The scheme to repopulate George Town will also be tested on another row of 10 privately-owned shophouses, where 17 rooms are up for rent as commercial spaces for technology-related events such as coding boot camps.
Owner Yeap Leong Huat, a businessman, said he hoped the project would be a "catalyst for change" and inspire other private owners to do the same.
"George Town is an old town. We have the romance of the past, but we want to show that there is the power of the future in this old city too," said entrepreneur Howie Chang, who is managing the 10 shophouses.
But activists fighting to save George Town's heritage were sceptical that such projects would draw people back into the city.
"It's too little too late," said Mark Lay, a New Zealander who has lived in the city since 2012 and co-founded the non-profit George Town Heritage Action Group.
He said the city was rapidly losing its intangible heritage – the traditional traders who have been forced out – while lax law enforcement meant heritage buildings were being demolished or renovated without adhering to conservation guidelines.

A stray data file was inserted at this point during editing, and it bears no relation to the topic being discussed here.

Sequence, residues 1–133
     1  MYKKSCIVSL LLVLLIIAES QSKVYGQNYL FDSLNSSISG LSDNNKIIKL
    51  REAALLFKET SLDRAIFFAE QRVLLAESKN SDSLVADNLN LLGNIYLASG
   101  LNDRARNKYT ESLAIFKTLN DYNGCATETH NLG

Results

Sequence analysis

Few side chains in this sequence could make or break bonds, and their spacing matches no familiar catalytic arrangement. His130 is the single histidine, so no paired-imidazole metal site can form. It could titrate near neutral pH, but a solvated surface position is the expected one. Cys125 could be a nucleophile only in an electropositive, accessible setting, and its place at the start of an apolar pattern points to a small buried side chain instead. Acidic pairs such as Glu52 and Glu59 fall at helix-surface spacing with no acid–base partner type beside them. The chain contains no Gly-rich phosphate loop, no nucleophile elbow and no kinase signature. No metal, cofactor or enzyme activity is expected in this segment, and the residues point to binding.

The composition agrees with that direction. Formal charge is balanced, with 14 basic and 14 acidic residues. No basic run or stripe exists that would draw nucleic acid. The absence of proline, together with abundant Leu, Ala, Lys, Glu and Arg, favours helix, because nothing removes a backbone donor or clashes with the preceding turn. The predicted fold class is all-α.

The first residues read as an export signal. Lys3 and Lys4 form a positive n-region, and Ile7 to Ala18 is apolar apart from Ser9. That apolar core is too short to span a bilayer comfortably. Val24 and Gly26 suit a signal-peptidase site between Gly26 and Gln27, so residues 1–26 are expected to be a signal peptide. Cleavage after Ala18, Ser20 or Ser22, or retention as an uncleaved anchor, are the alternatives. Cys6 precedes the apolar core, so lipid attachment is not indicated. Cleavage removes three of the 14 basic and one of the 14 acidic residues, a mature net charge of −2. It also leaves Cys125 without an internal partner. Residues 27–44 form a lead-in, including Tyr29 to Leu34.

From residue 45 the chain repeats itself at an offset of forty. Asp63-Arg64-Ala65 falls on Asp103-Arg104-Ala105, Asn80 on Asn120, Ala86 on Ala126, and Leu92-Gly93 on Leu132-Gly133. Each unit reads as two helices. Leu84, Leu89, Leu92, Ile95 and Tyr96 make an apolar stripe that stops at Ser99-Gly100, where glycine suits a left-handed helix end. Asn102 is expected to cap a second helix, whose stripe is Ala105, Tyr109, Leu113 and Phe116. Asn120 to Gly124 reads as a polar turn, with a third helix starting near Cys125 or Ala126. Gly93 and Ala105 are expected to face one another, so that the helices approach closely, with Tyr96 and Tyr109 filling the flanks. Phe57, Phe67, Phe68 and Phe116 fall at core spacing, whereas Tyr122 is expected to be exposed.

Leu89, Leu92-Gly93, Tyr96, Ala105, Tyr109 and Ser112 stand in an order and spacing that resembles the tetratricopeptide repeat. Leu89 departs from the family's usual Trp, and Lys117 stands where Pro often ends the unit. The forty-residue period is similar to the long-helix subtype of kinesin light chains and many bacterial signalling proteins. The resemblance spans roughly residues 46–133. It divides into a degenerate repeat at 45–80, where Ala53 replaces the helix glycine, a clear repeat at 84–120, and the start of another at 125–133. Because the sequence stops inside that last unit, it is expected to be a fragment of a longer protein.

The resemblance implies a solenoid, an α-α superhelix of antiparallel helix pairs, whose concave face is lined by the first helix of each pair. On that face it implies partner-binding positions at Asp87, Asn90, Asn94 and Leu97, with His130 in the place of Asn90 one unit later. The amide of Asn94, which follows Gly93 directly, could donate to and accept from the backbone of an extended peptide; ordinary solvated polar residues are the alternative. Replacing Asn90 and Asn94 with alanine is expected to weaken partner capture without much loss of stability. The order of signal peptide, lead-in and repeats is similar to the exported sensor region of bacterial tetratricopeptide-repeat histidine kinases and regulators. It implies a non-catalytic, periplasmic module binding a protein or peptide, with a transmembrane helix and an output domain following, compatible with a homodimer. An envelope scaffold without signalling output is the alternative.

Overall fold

He said the government should prioritise existing residents struggling to live in the city due to high costs, including by improving public services and access to financial aid, as well as capping the number of hotels.
"If the government takes care of the locals, everything else will fit in. Tourists can see what the authorities are doing – this is just turning into a fake Disneyland."
The transformation into a tourist town has also left visitors disappointed, according to Joann Khaw, a tour guide of over 25 years and a heritage conservation campaigner.
In recent years, Khaw has had to venture further away from the heritage area to cater to demand from tourists who ask to see the more authentic side of local life.
"How many residents are there left? These are all trinket shops, cafes, guest houses and bars. The tourists would tell me, 'we have this at home, we don't need to come all the way to see this'," she said.
Asked about the concerns, UNESCO said by email that it was "following up on conservation issues" with Malaysian authorities.
Even Penang's Chief Minister Chow Kon Yeow said projects such as the refurbishment of old shophouses were "a drop in the ocean".
"Even if (the project) is successful, that shophouse will no longer have the same trade (as) before it was refurbished," said Chow in an interview.
The street where the leader himself grew up is now lined with trinket shops and cafes, including one inspired by the "Harry Potter" novels.
"It's difficult, it's very challenging – probably no solutions. The city will transform itself – slowly but surely – and lose the universal values that earned us the UNESCO listing. That is a big challenge.
"The old George Town will be lost, bit by bit," he said.
(Reporting by Beh Lih Yi @behlihyi; Editing by Claire Cozens. Please credit the Thomson Reuters Foundation, the charitable arm of Thomson Reuters, that covers humanitarian news, women's and LGBT+ rights, human trafficking, property rights, and climate change. Visit http://news.trust.org)